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This post was last updated 3 months ago by Yusuf Odukoya.
On the 30th of May, 2020, African Business magazine suggested on its 100 Best Brands 2020 report that Africa is not creating enough competitive brands to meet the ever-growing needs of its growing consumers. The report was Brand Africa’s 10th annual official report and also its 10th anniversary.
The report, which works on the basis of market surveys conducted across the African continent, is now in its 11th year.
The goal of the survey is to establish which brands are most admired in Africa.
Here are some of the talking points from the latest report:
In a few words, African brands are doing badly.
Africa’s representation in the Top 100 Most Admired Brands hit a record low as only 13 of 100 brands are African.
This is a drop by one-third since 2010. Among the 13 African brands admired in Africa, six are from Nigeria, five from South Africa, and one each from Kenya and Ethiopia.
It features household brands like MTN (South Africa), Dangote (Nigeria) and Safaricom (Kenya).
Foreign brands are doing relatively well
For the third year in a row, the most admired brand in Africa is Nike.
The report suggested that the brand is buoyed by partnerships with record-breaking African athletes such as Kenya’s Eliud Kipchoge, the sub-two-hour runner, and also by global collaborations such as the one with 28-year old South African graphic designer, Poppy Karabo Moletsane, and Nigeria’s music sensation Wizkid.
Nike’s sponsorship of the shirts of prominent African national teams such as Nigeria’s Super Eagles during the Russia 2018 FIFA World Cup, may have also played a significant role.
Individual brands, some of which you may not even have heard of, worth mentioning include:
Chinese smartphone brand, Tecno, which has gone from number 30 to number five, is described as “a dominant performer from China” despite the fact that it is not even sold in China.
Indonesian brand, Indomie, which is ranked at number 34, gets an honourable mention because it has managed to turn instant noodles into a staple food in Nigeria, controlling 74% of the noodles market share.
Dutch brand, Vlisco, a wax fabric manufacturer, took me by surprise after moving up 50 places to number 45. Vlisco is “arguably the most dominant fabric brand representing African fashion.”
French dairy brand, Danone, has moved up 30 places from number 60 to number 30.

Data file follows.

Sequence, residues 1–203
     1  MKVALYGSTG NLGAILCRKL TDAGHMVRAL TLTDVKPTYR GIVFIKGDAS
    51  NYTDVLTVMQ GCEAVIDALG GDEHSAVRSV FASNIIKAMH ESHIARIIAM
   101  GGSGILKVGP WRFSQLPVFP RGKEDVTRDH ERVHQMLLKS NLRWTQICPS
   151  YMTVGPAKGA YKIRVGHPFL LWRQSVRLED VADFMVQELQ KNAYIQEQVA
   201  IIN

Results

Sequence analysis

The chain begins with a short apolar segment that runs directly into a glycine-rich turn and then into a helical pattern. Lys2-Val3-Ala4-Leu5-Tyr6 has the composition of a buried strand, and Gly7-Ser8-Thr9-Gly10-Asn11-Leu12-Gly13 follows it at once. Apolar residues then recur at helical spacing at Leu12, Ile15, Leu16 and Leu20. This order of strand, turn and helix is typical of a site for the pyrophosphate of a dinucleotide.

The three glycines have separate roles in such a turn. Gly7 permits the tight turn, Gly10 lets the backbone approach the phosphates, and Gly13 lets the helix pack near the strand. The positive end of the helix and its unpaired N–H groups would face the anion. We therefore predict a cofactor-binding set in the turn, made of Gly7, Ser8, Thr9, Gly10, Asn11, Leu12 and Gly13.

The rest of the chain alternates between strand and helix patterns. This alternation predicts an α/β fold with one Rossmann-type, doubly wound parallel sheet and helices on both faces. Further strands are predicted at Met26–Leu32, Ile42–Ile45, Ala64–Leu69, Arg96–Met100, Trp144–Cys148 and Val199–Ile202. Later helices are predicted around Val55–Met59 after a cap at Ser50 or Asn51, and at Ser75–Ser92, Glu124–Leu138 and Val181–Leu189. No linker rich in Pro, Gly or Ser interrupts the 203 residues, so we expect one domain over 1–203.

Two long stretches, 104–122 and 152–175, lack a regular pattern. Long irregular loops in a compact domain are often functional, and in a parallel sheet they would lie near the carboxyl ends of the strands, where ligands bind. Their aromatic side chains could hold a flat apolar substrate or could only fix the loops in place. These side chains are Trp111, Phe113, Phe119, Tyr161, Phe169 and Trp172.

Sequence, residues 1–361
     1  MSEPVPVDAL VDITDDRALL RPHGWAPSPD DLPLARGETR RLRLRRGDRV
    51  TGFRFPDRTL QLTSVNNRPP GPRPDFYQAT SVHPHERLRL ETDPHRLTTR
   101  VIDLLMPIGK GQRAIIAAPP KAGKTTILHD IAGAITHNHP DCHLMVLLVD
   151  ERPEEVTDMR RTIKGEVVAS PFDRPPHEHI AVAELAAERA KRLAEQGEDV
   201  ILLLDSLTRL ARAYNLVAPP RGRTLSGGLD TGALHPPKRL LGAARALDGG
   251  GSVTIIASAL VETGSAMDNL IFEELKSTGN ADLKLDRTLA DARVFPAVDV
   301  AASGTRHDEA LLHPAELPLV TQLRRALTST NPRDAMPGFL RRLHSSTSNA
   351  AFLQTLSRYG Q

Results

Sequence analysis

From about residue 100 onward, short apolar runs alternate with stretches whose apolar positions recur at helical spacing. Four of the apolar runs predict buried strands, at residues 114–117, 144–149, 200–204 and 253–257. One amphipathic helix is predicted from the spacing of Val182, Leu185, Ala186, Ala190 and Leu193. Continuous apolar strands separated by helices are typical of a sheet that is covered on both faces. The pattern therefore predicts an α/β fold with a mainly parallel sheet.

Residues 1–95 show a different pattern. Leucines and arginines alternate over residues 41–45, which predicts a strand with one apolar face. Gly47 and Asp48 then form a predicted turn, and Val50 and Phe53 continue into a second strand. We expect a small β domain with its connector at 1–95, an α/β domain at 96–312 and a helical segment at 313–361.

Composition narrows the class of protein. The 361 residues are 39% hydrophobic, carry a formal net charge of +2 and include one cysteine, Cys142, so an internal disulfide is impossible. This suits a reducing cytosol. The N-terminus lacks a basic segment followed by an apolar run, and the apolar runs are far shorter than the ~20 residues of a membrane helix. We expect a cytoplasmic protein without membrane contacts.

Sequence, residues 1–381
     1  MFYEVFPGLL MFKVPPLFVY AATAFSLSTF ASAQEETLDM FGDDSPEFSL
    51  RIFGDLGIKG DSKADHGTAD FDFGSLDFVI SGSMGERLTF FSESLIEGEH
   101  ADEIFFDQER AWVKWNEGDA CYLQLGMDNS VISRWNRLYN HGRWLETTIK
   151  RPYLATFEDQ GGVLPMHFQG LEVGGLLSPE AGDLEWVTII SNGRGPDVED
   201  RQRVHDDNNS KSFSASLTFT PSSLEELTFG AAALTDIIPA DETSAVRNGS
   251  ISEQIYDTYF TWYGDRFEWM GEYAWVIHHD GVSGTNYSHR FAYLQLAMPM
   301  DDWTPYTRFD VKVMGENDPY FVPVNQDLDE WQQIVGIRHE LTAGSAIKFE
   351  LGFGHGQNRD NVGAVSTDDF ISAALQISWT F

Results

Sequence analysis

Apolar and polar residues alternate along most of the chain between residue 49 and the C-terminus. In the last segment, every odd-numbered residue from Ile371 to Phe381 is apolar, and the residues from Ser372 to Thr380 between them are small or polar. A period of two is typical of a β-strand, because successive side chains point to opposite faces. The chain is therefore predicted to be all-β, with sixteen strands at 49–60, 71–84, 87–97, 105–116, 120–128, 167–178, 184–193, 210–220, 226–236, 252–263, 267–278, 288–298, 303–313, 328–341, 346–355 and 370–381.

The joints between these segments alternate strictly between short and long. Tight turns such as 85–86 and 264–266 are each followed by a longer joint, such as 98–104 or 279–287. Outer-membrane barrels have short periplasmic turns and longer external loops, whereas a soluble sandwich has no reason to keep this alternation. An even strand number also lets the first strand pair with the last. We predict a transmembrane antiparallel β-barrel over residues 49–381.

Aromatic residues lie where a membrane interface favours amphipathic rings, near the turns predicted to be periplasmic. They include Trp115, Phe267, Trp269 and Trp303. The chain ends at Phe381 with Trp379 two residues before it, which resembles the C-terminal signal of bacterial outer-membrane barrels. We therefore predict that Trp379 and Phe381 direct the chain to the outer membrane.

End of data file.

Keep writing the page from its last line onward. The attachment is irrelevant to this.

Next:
Alibaba and Amazon are new entries, signalling a rapidly increasing adoption of e-commerce in Africa.
Coca-Cola was ranked number 4. Coca-Cola, though not an African brand, has been on the African continent for over a century. It emerged 1st position in the 2014 edition of the 100 most admired brands in Africa and has always maintained a position between 1st – 4th since the inception of the survey.
Through innovative distribution and engaging campaign strategies tailored to the African market, Coca Cola has achieved both ubiquity and a solid “Africanness.”
Another example cited is Guinness, a beer brand that originated from Ireland. Guinness Extra Stout is apparently consumed by more people in Africa than in Ireland.
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The report suggests that what these top brands have in common is “deep local insights, localised marketing and mammoth marketing budgets”
They have managed to create an intimate and infectious relationship with the majority of the African consumers. In essence, they “think locally and act globally.”
Read Also: 10 Common Branding Mistakes You Must Avoid
Africans don’t support their own brands
Major African brands like Aliko Dangote’s Dangote Group (Nigeria), Safaricom (Kenya) and MTN (South Africa) are not even the most admired brands in their home countries.
Only in three African countries is a local brand the most admired brand; Strive Masiyiwa’s Econet ( Zimbabwe), Trade Kings (Zambia) and media and consumer goods brand, Azam (Tanzania).
Champions of the underdogs
Financial Services and FinTech is one area where African brands like GTBank do shine.
In Africa, the Financial Services industry is largely dominated by African brands.
Payment processing companies like Paypal, Western Union and Visa are among the few prominent international brands in the African fintech landscape, but local brands like Flutterwave & Paystack are giving them a serious run for their money. Others include Barclays Bank (Now Absa) and Standard Chartered Bank.
In 2021, I expect to see mobile money (MoMo) and other fintech disruptors squeeze their way up the rankings.
However, when it comes to Media, despite the fact that Africa boasts of over 600 TV stations and even more media houses, none of them could even claim a spot in the top 100 inside Africa. The list is dominated by international brands such as BBC, CNN and Al Jazeera.
This begs the question; “ how much of our narrative do we control.”?
When it comes to non-traditional media, non-African brands like Netflix, Facebook, YouTube, Google, and Instagram have achieved the most penetration in the African market.
It is so disturbing that despite the booming entrepreneurial environment, Africa is not creating enough competitive brands to match its growing consumer market.
More African brands need to be repositioned to focus on helping to build the image, competitiveness and finally drive the continent’s promise into a real revolution.”
The lessons for African brand owners are:
- Take advantage of Africa’s love for sports, especially football. (The betting companies are already doing this, but we need more brands that can leverage this opportunity in many other ways)
- Sponsor international events or football teams (e.g Visit Rwanda on the Arsenal FC Sleeve)
- Tailor your campaigns for the African market
- Pay attention to localised marketing
- Conduct in-depth localized market research before launching your next brand.